KPMG, Peat Marwick, LLP v. Carmel Fin. Corp., 784 N.E.2d 1057, 1060 (Ind. Ct. App. 2003) (citations omitted). We have also said that
[s]tatutes relating to the same general subject matter are in pari materia and should be construed together so as to produce a harmonious statutory scheme. Courts are not bound to adopt a construction that would lead to manifest absurdity in order that the strict letter of the statute may be adhered to. They will rather look to the intention of the legislature, as gathered from the import of the whole act, and will carry out such intention as thus obtained.
Homestead Fin. Corp. v. Southwood Manor LP, 956 N.E.2d 183, 184-85 (Ind. Ct. App. 2011) (citation omitted). Moreover, “[i]t can be just as important to recognize what a statute does not say as to recognize what it does say.” Town of Dyer v. Town of St. John, 919 N.E.2d 1196, 1202 (Ind. Ct. App. 2010). The construction of a statute is a pure question of law. Pannell v. Penfold, 848 N.E.2d 1130, 1132 (Ind. Ct. App. 2006), trans. denied.
Reduced to its essence, Indiana Code Section 12-26-5-1(a) says that “[a]n individual may be detained in a facility for not more than seventy-two (72) hours … if a written application for detention is filed with the facility.” (Emphasis added.) Notably, the statute does not say that an individual may not be detained until after a written application for detention is filed. Indeed, the statute does not specify when the written application must be filed. In this case, the application for detention was based primarily on the very behavior that led to Berryhill being restrained by Parkview’s security guards. We cannot conclude that the legislature intended to leave healthcare facilities and their employees powerless to detain individuals who are mentally ill and either dangerous or gravely disabled before an application for detention is filed. As such, without deciding precisely when Berryhill was detained for purposes of Indiana Code Section 12-26-5-1, we conclude that the security guards “act[ed] according to” Indiana Code Article 12-26, which governs the voluntary and involuntary treatment of mentally ill individuals, and “assist[ed] in the detention, care, and treatment of an individual alleged … to have a mental illness” for purposes of Indiana Code Section 12-26-2-6(a). There is no evidence that the guards acted with malice, bad faith, or negligence (or physically abused Berryhill or deprived him of a personal or civil right except according to Indiana Code Article 12-26), and therefore we conclude that Parkview is entitled to immunity from Berryhill’s false imprisonment claim. Accordingly, we affirm the trial court’s judgment in favor of Parkview. [Footnote omitted.]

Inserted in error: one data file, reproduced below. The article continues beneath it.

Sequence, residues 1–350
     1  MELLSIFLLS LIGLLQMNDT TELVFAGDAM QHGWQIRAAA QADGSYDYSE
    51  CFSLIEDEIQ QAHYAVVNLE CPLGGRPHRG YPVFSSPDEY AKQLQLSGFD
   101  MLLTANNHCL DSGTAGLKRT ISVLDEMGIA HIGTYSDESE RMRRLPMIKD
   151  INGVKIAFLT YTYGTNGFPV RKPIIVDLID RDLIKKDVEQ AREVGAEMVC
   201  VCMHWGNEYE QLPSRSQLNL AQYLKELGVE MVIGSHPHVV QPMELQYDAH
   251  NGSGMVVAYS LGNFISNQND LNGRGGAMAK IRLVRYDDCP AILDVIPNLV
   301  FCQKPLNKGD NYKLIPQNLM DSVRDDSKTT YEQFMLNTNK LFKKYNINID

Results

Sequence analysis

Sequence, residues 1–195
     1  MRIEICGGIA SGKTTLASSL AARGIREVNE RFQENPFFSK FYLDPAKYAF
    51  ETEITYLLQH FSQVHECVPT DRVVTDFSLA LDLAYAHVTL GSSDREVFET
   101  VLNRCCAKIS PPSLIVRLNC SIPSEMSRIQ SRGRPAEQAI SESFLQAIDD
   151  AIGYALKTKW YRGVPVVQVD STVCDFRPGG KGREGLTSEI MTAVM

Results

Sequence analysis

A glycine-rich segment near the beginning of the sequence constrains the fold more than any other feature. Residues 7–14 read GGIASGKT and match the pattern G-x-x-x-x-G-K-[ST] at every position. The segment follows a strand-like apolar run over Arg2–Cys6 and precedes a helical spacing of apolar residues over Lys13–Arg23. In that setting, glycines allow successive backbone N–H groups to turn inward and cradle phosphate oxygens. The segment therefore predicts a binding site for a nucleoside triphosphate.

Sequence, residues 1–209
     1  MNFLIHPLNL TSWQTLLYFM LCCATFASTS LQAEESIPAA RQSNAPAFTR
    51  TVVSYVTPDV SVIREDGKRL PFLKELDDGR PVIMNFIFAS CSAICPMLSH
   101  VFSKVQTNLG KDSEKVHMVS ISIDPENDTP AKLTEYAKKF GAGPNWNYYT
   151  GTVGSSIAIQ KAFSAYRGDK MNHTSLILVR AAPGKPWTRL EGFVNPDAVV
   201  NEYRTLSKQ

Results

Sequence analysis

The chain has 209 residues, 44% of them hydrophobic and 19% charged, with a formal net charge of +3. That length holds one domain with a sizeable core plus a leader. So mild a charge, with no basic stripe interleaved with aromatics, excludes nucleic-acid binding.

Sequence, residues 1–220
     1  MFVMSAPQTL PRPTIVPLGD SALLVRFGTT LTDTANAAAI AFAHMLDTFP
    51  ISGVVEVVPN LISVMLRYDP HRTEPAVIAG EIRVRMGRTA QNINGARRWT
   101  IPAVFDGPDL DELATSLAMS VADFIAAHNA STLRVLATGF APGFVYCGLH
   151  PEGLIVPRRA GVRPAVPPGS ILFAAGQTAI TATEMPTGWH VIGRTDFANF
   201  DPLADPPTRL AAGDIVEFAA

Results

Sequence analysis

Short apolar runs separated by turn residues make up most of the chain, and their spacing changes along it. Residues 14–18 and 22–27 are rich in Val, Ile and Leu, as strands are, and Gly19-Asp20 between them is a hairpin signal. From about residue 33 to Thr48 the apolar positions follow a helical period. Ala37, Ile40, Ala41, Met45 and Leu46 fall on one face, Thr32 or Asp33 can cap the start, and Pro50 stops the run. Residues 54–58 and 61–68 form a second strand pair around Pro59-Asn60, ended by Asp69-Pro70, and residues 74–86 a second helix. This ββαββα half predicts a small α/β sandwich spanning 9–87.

MAY, J., and BROWN, J., concur.